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My Pandemic: Is Reading on a Kindle For Me?

by D.L. Cohen

I bought a Kindle the other day. It arrived this morning. It’s sitting on my desk like a dead fish. I’m treating it a bit like a dead fish, too, circling it warily, afraid to touch it. I know some people love them. I’m in a book club and several members swear by them. Me, I’m not so sure.

You see, I’m a book lover. And by that I mean actual books. I love to read, sure, but I also like the tactile feel of books, their different covers, their spines, their pages. They exist. Look. They’re just there.

They pile up. They become a pain in the ass when they pile up too much, but that’s part of it. It means you’ve read a lot. Or at least browsed through a lot. I like libraries. Actual, physical libraries. I like rooms in houses with walls of books. There are no walls of books in a Kindle world. Every book ever written is in the palm of your hand. Maybe that fills you with the excitement of endless possibilities, but it makes me a little morose. I don’t want to read every book ever written. I want to read that one book that I want to read now. That cheap-ass edition of Walden I read in college, that signed copy of A Handmaid’s Tale, that Folger Library edition of Hamlet with the unintelligible commentary in the back. That old DSM edition with the weird stain on it that classified homosexuality as a form of paraphilia. I want to hang on to that. At least until I don’t.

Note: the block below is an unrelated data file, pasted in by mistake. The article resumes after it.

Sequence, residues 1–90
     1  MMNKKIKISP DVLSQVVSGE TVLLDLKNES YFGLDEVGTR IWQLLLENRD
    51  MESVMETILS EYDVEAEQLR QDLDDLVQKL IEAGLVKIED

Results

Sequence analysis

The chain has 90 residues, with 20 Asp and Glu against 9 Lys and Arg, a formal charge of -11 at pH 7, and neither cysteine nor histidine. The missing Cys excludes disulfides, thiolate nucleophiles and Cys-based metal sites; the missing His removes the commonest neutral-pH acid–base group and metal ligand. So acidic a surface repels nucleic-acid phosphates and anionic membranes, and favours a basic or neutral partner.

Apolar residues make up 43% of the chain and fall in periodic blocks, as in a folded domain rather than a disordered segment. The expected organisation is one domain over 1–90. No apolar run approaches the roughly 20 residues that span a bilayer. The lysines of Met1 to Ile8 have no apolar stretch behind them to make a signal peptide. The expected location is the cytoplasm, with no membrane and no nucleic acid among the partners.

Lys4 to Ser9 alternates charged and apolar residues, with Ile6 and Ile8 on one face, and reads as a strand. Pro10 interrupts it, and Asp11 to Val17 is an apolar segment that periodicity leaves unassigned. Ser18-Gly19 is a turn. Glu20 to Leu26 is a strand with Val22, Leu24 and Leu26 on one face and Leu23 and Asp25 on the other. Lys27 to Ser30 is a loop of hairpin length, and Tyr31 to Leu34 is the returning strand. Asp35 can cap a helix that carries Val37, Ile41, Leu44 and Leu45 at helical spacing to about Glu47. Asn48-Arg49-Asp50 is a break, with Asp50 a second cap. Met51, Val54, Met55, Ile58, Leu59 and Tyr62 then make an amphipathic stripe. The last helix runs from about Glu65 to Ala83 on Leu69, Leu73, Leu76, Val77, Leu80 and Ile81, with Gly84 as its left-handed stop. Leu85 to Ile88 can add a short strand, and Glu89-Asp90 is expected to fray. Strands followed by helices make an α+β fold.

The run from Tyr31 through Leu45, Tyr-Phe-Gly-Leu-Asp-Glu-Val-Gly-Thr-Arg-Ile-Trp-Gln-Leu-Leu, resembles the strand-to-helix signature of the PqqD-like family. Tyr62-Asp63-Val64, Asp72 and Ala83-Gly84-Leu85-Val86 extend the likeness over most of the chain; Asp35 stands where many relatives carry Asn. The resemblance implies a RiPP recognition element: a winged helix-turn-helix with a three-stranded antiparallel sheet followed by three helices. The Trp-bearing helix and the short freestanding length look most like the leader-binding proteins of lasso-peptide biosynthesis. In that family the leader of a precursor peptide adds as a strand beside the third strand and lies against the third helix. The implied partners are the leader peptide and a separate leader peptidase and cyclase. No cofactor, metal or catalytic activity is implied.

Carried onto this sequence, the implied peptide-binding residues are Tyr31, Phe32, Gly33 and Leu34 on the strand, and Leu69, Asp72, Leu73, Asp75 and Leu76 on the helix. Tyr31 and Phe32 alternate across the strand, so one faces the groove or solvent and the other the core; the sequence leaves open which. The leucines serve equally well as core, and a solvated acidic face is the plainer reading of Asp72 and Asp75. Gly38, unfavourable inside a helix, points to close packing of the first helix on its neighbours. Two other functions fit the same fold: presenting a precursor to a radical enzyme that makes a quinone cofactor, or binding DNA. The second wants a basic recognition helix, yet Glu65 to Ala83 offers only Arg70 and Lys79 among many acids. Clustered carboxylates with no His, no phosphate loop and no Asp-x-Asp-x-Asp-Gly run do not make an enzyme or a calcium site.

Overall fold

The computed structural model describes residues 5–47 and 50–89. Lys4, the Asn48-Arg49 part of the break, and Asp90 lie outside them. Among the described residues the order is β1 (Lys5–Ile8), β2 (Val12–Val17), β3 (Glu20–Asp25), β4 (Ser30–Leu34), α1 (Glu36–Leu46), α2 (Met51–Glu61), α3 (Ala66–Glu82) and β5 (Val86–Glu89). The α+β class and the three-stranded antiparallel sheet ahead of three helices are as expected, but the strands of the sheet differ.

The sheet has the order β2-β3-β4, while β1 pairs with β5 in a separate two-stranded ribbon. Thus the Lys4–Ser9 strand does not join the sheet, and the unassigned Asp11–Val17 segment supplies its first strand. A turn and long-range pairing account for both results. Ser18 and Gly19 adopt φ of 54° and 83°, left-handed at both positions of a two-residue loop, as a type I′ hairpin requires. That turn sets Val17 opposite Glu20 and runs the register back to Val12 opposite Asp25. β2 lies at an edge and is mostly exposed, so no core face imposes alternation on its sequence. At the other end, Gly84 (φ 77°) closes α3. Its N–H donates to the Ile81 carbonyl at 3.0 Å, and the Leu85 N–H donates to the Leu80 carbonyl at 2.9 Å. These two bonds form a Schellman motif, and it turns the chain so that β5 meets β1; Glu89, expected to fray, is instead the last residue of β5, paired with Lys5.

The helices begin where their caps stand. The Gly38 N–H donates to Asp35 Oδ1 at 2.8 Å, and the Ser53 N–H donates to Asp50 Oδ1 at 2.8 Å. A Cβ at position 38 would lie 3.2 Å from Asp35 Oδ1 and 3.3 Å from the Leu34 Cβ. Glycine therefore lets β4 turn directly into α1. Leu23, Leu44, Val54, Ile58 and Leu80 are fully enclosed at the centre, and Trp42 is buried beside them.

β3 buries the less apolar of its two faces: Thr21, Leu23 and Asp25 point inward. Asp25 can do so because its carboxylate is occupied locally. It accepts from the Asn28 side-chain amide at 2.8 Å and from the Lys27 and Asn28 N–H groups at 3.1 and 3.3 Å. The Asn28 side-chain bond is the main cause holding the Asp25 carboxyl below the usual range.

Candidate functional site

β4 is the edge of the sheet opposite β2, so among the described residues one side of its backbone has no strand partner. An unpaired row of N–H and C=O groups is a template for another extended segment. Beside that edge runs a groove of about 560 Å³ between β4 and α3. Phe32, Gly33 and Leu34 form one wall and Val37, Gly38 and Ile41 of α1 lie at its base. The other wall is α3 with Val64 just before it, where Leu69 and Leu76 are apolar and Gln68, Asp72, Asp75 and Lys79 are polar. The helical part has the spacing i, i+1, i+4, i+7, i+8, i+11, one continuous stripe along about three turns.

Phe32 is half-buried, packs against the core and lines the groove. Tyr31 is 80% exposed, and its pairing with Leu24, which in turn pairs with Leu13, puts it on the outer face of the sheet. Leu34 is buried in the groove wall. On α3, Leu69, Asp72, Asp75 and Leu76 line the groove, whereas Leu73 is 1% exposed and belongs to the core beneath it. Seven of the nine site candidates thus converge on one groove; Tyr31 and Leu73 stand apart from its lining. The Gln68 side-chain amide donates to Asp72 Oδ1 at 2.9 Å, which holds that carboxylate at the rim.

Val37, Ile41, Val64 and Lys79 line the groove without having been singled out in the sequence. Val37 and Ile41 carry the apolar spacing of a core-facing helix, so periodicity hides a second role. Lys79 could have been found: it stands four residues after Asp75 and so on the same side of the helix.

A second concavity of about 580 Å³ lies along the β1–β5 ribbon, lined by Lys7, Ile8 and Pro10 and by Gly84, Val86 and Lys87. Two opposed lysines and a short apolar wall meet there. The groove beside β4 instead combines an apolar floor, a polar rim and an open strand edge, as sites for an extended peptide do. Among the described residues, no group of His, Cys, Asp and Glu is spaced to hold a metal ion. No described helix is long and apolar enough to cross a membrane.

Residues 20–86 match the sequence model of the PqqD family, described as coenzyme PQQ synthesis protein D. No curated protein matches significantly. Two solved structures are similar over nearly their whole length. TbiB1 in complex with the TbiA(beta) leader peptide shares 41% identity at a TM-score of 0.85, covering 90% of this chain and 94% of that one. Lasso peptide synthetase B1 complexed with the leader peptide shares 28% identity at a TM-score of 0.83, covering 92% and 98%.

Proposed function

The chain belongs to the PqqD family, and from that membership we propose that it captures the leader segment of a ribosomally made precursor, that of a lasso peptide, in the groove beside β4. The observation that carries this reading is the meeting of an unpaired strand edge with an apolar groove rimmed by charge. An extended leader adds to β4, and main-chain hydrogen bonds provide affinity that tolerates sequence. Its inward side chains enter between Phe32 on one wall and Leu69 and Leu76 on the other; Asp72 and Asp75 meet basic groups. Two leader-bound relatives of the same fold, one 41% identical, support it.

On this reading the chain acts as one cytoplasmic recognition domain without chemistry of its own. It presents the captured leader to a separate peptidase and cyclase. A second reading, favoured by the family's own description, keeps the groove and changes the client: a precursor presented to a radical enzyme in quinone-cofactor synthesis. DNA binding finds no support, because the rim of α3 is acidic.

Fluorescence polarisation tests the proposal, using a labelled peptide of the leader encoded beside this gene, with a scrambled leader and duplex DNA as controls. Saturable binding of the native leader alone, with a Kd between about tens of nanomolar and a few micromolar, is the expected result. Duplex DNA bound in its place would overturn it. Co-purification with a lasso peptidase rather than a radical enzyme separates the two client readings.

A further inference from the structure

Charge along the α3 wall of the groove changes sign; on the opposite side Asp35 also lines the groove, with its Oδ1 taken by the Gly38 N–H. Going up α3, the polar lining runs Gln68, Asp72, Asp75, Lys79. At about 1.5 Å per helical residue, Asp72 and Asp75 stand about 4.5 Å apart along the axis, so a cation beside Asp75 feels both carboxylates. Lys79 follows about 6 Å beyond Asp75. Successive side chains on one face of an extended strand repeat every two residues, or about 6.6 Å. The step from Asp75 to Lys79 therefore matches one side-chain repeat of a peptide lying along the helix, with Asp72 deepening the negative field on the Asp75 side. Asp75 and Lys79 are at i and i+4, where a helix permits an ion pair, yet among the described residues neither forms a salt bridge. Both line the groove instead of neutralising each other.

I like turning pages. It’s wrong to reduce a book to just an endless string of words. Do you slice from an endless loaf of bread? Paint on an endless canvas? Eat from an endless fish? No. Life comes at us in discrete bits, as books are discrete, individual things. You can judge a book by its cover. What else can you judge it by? I love book covers. I loved riding on the subway (back when that was a thing) and seeing what people were reading. That’s impossible with a Kindle. Everyone is reading the same thing. They’re not reading a book, they’re reading a Kindle. They’re playing on their phone. It looks the same. And it looks sad.

I think of the book covers that have stuck with me over the years. The shocking orange cover of the old paperback edition of A Clockwork Orange I read in high school. The GodfatherThe Great Gatsby. Jaws. All give a sort of visual hint of the story within. And they all look incredible. You get none of that with the Kindle.

There are advantages. I can download any book in the known universe at the touch of a button. I’m returning to Costa Rica in a few days. That’s why I bought it. It’s impossible to find an English language bookstore down there. It’s pretty impossible to find any bookstore at all these days. And underlining. I like to underline when I’m reading, to try and remember particular insights or turns of phrase that I find appealing. Or to be able to find it when you don’t remember it. The Kindle makes that easy. That’s nice. And you never lose your place in a Kindle. Bookmarks are a thing of the past. I suppose I could mourn them, too, but I could never hang on to a bookmark. I always use some random business card or grocery receipt.

And size. It’s not quite small enough to fit into your pocket, but it’s smaller than most books. And lighter. It’ll be nice not having to hunt down a book, and nice to be able to just pull it out of a little pocket of backpack or purse. Even I don’t carry around hardcover books anymore. It’s a wonder they still make them.

So I don’t know. I’ve given in, I’ve bought one, so I’ll give myself every chance to like it. I want to like it. I want to get used to the experience of reading on an 8 inch screen. As long as it stays on. That’s the other thing about books that I like. You don’t have to plug them in. They’re just there.

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Nyack People & Places, a weekly series that features photos and profiles of citizens and scenes near Nyack, NY, is sponsored by Sun River Health.

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